Risky Business

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If you want to retire at a younger age than average, or if you want to live off your money by allowing your money to make money, then there are really two things that you must do as soon as possible.

The first (and most important) is to kick up your savings percentage. And the other, is to invest in the stock market.

Why the stock market?

Because the stock market has lucrative historical and expected returns.

And why does the stockmarket have such attractive historical and expected returns?

It’s called the risk premium. Essentially you’re being paid for the risk you take each time you invest in a business.

Think of it this way: if you were thinking about lending money to 2 people who both wanted to buy homes and you were choosing which person you would prefer to lend your money to, one with a high credit score would be a safer bet to pay you back than one with a low credit score. For this reason you’d expect a higher interest rate from the person with a low credit score in return for the risk that you were taking in lending the money. If you didn’t get this risk premium you would never choose to lend to the less attractive applicant in the first place.

deadbeatI hear interest rates are low, uh you think you could lend me some bread?

Similarly stocks can display varying degrees of risk. Big stable companies that have been around for a long time like McDonald’s, are very unlikely to fold tomorrow. But a small internet start up is a riskier proposition.

For this reason you would expect to be paid more returns for investing in the riskier (class of) company.

But how do you measure the risk and returns of stocks?

Well, the returns are easy. You just look at the historical performance of any given stock or class of stocks to see what the average annual increase in value is.

But what about the risk?

The answer is Beta. Beta is a value that defines the risk of the entire stock market.

Screen Shot 2013-09-29 at 3.05.49 PMHistorical performance of the Dow Jones Industrial Average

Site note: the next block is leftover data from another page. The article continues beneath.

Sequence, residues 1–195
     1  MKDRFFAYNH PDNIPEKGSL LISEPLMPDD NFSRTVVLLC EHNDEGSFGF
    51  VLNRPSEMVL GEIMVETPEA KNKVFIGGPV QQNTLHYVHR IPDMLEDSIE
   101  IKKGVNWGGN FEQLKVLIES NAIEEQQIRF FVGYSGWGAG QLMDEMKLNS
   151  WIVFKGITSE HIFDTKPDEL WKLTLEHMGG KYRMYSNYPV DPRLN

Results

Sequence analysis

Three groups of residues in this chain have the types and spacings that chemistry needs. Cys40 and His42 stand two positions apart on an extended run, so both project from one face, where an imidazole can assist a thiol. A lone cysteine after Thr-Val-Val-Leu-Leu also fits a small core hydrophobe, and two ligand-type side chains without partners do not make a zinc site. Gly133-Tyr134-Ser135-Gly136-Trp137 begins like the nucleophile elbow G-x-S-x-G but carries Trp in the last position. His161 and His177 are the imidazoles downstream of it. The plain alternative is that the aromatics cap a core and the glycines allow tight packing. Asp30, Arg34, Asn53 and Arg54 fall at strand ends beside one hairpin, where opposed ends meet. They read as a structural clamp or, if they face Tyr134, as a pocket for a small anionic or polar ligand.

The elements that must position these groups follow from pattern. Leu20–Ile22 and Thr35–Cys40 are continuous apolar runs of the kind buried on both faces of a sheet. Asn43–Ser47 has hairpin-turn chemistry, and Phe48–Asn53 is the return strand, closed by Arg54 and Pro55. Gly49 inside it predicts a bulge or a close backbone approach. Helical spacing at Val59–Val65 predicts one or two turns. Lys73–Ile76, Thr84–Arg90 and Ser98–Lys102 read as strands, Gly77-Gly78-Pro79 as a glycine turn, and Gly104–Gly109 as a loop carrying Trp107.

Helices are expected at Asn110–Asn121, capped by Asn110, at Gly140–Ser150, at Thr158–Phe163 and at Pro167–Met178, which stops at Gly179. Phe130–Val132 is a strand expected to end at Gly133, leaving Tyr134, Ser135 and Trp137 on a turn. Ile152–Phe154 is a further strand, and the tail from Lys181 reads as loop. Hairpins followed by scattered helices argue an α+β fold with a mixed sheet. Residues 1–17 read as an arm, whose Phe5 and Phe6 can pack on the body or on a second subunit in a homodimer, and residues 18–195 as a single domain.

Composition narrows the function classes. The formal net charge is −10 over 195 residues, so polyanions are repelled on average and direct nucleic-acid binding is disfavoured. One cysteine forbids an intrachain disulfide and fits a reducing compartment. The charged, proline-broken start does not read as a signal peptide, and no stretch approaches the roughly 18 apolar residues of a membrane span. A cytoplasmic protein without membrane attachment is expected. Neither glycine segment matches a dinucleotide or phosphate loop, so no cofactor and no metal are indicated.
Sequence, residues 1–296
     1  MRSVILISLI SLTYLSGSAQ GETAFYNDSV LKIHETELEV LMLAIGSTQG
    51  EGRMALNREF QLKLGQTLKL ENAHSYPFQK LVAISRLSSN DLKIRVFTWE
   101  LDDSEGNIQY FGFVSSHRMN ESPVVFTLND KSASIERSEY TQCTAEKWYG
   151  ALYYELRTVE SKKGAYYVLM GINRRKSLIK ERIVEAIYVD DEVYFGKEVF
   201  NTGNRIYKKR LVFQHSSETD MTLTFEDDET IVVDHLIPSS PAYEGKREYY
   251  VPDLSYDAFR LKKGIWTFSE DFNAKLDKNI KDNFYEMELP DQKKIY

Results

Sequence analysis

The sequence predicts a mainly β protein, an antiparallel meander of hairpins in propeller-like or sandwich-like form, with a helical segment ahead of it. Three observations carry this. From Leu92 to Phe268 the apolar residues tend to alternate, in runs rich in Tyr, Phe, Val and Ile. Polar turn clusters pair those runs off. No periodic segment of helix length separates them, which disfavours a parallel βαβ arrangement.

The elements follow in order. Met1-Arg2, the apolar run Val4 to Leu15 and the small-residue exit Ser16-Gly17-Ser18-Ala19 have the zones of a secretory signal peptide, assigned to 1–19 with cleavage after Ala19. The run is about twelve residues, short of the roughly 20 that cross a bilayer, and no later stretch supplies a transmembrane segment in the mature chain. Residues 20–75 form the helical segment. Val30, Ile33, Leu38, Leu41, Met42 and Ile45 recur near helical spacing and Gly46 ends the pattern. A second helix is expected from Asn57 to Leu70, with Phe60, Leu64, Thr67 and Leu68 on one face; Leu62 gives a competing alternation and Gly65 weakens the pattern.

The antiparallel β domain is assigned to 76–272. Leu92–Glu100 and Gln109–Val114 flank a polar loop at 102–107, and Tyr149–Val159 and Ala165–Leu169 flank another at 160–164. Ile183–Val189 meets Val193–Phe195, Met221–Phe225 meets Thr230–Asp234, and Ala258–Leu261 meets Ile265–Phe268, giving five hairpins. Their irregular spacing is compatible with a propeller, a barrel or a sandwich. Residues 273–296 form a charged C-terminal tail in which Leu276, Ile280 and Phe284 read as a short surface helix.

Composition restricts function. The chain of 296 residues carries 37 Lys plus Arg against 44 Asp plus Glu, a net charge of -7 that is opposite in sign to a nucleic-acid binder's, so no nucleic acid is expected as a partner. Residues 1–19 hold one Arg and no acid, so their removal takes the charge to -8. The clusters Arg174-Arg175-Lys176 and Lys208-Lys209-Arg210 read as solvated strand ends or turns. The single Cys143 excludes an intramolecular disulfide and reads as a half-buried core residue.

Over long periods of time the stock market pretty much always rises.

Screen Shot 2013-09-29 at 2.54.33 PMDow Jones Industrial Average (last 1-2 months)

But over short periods of time we see that the stock market goes up and down in jerky and gut wrenching movements.

There are also periods of calamity such as the depression/financial crisis of 1930 and 2008 when the stock market falls as a whole by as much as 50%. (In the future it could be worse, who knows?)

Living through these periods is the price of doing business. It’s the risk that delivers the premium. Put another way, without this risk there would be no payoff in the end.

So if Beta is the risk of the entire stock market, and its value equals one, then any investment or class of stocks can be compared to the entire stock market and given a Beta value. If the value is greater than 1, then it is a more volatile or risky stock relative to the stock market (and one should expect a comparitively higher return on investment.) If the value is less than 1 it is a relatively less risky or volatile class of investments (and one should expect less returns on investment).

This is all pretty common sense. But there’s one more observation that isn’t quite as intuitive.

Volatility (risk) itself, over time, decreases the value of Portfolio returns.

As an example imagine two investments. They both have an average 0 % return on investment per year. Investment A has a standard deviation of 50, while investment B has a standard deviation of 0.

So investment A returns 25% one year and loses 25% the next year, while investment B returns 0% year after year.

Who has more money after four years?

Let’s invest $100 in each of these companies and find out:

Year one: Company A returns an additional 25% and has $125. Company B returns 0% and still has $100.

Year two: Company A Loses 25% of its value and has 93$. Company B returns 0% and still has $100.

Year three: company A gains 25% of its value and has $117. Company B returns 0% and still has $100.

Year four: company A loses 25% of its value and has $88. Company B returns 0% and still has $100.

So company A Is on a slow trajectory downwards, while company B demonstrates stable value. This is despite the fact that both companies have the exact same average annual return.

So this is an important fact to know about volatility (Beta) . It represents not only a psychological tax on the investor, but an actual cost to his (her) portfolio.

Which is where diversification comes in. But that’s a topic for another day…

Hat tip: this topic is covered in almost every investment book I’ve read, but I think Larry Swedroe’s book The Only Guide To A Winning Investment Strategy You’ll Ever Need, covers it the best.

The example of company A and Company B is taken directly from his book.

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